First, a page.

Subject: Re: mysterious reboot
To: None <firstname.lastname@example.org>
From: Steven M. Bellovin <email@example.com>
Date: 09/09/2005 09:31:10
In message <firstname.lastname@example.org>, Onno Ebbinge writes:
>On 9/9/05, Steven M. Bellovin <email@example.com> wrote:
>> In message <firstname.lastname@example.org>, Onno Ebbinge writes:
>> >> A disturbing thought, since I recently added more RAM to the machine.
>> >> Memtest found no problems in a single pass; maybe I'll run it longer
>> >> overnight.
>> >I had a similar problem and used memtest. Here are two tips:
>> >- Use memtest from http://www.memtest.org/ and NOT from
>> >- In Test selections use "all" instead of the "standard" default
>> >selection, this one saved me! The "standard" test did fine, the "all"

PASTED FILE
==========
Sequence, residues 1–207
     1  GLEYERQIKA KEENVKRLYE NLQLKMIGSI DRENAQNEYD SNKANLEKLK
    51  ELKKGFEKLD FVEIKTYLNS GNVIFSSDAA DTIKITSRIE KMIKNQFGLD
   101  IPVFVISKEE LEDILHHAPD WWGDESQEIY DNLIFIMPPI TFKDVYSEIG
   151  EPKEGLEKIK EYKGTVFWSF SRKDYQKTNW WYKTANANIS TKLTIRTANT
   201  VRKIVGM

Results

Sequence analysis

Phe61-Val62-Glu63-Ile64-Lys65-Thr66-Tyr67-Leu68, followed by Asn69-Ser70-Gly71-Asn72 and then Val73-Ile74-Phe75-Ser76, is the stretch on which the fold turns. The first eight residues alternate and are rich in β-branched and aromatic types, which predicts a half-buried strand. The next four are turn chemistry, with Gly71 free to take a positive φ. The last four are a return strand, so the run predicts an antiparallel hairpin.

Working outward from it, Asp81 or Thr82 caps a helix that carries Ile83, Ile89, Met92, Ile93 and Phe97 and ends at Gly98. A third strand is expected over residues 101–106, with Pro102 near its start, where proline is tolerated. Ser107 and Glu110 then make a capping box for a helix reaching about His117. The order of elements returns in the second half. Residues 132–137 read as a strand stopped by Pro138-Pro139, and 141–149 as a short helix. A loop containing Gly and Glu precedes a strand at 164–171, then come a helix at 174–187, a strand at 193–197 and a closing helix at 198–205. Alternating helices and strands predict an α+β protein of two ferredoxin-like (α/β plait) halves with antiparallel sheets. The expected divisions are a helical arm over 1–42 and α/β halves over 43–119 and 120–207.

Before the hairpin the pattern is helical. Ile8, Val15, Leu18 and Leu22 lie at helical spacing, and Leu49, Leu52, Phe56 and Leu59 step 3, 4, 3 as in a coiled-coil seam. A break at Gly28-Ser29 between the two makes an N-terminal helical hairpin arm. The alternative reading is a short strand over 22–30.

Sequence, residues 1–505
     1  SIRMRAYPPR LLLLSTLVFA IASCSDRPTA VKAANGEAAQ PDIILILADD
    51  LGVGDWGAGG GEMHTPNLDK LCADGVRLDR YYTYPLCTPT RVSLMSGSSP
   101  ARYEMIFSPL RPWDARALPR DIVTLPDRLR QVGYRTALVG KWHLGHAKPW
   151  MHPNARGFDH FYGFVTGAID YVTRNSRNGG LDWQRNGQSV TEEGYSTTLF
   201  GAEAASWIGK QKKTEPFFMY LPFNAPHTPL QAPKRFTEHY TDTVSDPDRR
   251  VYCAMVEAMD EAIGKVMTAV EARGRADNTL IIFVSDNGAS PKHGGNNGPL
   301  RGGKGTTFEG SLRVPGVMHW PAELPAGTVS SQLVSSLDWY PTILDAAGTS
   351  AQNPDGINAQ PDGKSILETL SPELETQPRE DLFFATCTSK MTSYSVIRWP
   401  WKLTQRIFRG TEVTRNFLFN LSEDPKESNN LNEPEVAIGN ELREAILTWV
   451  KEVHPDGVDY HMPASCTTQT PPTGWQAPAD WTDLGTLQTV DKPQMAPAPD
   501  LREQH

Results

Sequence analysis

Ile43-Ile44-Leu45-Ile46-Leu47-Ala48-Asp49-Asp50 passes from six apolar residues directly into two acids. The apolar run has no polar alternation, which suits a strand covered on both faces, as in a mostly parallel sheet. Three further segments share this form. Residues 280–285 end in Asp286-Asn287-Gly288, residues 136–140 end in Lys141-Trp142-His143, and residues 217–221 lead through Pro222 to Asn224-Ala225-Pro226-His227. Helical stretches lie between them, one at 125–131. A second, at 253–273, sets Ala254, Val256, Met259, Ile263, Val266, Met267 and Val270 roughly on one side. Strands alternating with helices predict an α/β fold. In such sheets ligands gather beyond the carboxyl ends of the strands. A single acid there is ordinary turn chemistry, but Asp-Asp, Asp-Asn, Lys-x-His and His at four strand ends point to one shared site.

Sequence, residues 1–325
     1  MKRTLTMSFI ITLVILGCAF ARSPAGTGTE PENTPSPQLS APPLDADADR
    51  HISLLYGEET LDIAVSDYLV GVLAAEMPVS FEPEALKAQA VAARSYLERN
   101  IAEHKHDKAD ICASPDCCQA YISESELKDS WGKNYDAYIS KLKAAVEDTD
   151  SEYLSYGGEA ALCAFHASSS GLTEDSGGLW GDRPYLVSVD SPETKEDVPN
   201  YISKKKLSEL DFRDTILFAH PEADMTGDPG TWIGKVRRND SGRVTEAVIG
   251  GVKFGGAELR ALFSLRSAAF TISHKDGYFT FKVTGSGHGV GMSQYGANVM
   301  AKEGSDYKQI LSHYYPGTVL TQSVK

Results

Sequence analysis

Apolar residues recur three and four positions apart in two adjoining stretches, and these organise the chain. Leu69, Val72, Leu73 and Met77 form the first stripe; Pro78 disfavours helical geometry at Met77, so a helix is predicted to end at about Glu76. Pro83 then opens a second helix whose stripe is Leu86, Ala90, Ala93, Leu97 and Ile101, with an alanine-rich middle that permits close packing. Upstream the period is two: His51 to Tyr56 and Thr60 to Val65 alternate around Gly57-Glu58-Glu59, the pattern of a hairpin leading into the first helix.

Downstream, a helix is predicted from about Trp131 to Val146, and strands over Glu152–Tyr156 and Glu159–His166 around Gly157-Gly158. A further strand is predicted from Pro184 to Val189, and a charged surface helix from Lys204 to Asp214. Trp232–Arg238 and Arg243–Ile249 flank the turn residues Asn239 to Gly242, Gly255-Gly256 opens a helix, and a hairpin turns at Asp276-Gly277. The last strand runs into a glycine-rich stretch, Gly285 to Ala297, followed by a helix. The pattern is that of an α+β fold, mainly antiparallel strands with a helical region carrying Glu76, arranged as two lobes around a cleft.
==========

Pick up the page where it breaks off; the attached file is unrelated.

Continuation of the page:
>> >test revealed timing problems with one of the memory chips (no
>> >overclocking) on the module. Underclocking my memory solved my
>> I couldn't find any such option, but it didn't matter -- memtest86+
>> (from the site you suggest) found some errors.
>To select all memory tests (this is from my memory, pun intended):
>- Press "c" to enter the configuration menu
>- Select "test selection"
>- Select "all tests"
>- Continue (esc ?)
That's what I tried -- "all tests" wasn't one of the choices on 1.60...
>*always* test new memory because memory today has a few billion bits and
>only one faulty bit can screw you really bad. Faulty memory seems to be
>on the rise... Let your friends test their computers with this tool
>and don't be
>surprised if quite some computers have memory problems. Playing with latency
>settings sometimes cures memory errors that result from timing problems.
I agree -- I ran both memtest and a full release build, that being my
favorite informal memory test.... The problem simply was that neither
picked up the problem.
--Steven M. Bellovin, http://www.cs.columbia.edu/~smb